A federal judge rules that Broadcom and Qualcomm must hold some of their patent dispute over Bluetooth technology in the San Diego courts, instead of taking it to the ITC.
A federal district court in California permanently barred chip maker Broadcom
from prosecuting several of its patent infringement claims against Qualcomm
before the International Trade Commission, ruling that the dispute must be resolved under the courts own jurisdiction in San Diego.
Judge Rudi M. Brewster said in his ruling the week of Feb. 6 that Broadcom cannot pursue two individual claims from its patent case with the ITC in Washington, or in another California District Court, based on the details of a licensing agreement signed by the companies related to the legal dispute.
The decision does not affect a number of other patent infringement claims brought by Broadcom against Qualcomm before the ITC.
In May 2005, Broadcom launched patent infringement claims with both the ITC and in federal court in Santa Ana, Calif., alleging that Qualcomm, a maker of wireless headsets, had violated terms of a licensing agreement signed by the two firms in 2001 regarding Bluetooth wireless communications technologies.
Brewster ruled that any litigation over the two disputed patents in question must be argued in San Diego, as the original agreement had specified.
In its filings, Broadcom charges that Qualcomms current and next-generation cellular and RF (radio-frequency) product lines infringe on a number of its patents.
The chip maker, based in Irvine, Calif., is seeking unspecified monetary damages from Qualcomm, as well as a permanent injunction barring the manufacture and sale of some of the companys integrated circuits, including its "multimedia, enhanced and convergence platform chips" and its QChat VOIP (voice-over-IP) technology for cellular phones, which Broadcom alleges infringe its patents.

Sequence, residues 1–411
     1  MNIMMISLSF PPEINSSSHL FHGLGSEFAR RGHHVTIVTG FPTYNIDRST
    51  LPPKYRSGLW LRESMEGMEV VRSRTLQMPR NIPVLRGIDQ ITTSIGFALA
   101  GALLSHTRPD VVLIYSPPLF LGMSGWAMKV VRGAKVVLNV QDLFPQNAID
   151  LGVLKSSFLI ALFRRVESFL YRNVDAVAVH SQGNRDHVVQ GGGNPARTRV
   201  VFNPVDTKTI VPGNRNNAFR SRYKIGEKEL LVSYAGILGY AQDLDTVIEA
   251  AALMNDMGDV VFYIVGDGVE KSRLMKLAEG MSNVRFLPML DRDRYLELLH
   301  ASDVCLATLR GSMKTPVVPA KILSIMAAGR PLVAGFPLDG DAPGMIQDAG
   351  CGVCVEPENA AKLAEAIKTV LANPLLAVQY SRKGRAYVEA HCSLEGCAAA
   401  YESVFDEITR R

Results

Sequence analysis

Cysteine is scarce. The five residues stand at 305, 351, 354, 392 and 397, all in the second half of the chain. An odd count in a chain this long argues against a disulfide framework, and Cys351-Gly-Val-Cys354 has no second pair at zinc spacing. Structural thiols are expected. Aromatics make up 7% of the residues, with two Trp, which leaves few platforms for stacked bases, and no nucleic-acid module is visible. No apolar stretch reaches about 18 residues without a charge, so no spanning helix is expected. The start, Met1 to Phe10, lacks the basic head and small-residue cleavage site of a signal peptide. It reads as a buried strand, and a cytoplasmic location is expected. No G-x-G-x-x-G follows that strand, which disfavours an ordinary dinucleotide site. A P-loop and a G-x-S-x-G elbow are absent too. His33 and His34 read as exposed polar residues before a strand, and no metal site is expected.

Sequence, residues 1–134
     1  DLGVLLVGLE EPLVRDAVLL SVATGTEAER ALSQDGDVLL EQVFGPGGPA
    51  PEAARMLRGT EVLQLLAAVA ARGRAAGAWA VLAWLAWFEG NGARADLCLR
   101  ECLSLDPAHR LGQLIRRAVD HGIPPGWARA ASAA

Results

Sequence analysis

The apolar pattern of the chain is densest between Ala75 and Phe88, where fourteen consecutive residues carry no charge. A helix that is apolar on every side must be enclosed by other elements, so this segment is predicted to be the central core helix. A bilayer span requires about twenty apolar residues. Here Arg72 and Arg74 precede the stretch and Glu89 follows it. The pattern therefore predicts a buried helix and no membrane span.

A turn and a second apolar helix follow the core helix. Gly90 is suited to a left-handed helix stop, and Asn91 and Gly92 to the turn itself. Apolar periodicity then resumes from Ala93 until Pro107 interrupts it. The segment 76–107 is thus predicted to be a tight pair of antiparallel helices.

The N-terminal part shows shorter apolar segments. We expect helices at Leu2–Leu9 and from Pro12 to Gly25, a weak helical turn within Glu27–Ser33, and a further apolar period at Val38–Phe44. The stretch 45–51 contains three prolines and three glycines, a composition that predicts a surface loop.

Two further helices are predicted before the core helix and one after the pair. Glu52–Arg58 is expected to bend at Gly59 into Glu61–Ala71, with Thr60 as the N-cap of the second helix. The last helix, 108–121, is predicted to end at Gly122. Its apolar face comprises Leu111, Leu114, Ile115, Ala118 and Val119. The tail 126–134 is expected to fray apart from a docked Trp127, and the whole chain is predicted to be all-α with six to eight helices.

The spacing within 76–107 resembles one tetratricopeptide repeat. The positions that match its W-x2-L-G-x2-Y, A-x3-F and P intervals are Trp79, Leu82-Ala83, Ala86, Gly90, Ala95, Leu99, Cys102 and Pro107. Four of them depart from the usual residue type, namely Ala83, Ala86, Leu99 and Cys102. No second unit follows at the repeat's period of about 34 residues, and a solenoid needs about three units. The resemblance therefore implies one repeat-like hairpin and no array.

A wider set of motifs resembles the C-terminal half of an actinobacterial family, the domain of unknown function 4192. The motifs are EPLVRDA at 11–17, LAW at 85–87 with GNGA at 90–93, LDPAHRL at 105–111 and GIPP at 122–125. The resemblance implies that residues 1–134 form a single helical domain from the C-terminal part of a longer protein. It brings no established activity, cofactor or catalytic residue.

Qualcomm sues Nokia over its GSM patents. Click here to read more.
When Qualcomm first attempted to move the disputes to San Diego, Broadcom sought an order from the federal courts in Santa Ana prohibiting the move. The Santa Ana court eventually transferred its case to San Diego.
Broadcom representatives said they had not yet received a written copy of Brewsters decision, but said the company "disagrees with the courts interpretation of the licensing agreement," which involved the use of Bluetooth in cellular systems and handsets.
Company spokespeople said Broadcom will continue to pursue its claims against Qualcomm on the two patents in the San Diego court in the interim.
The company pointed out that Brewsters ruling does not affect the three other patents being disputed by Broadcom before the ITC, for which hearings are expected to be held as early as the week of Feb. 13.
The company also noted that it has six other related patent claims against Qualcomm in San Diego, and five other individual claims in the Santa Ana courts, for a total of 16 cases overall.
Read more here about Broadcoms VOIP chips.
Qualcomm has denied any patent infringement, and contends that the activities questioned by Broadcom were permitted by the licensing agreement. Attorneys for the handset maker said the latest ruling favors Qualcomm in the sense that it defers to the original terms of the pact between the firms.
Broadcom is also pursuing several cases against Qualcomm worldwide. In October 2005, Broadcom and several other firms filed complaints to the European Commission requesting that it investigate Qualcomms business practices based on claims that the handset maker had engaged in anti-competitive conduct via its licensing practices for patents related to 3G mobile technology.
In that complaint, Broadcom charges that Qualcomm violated international regulations by attempting to exclude competing manufacturers of chip sets for mobile phones from the European market.
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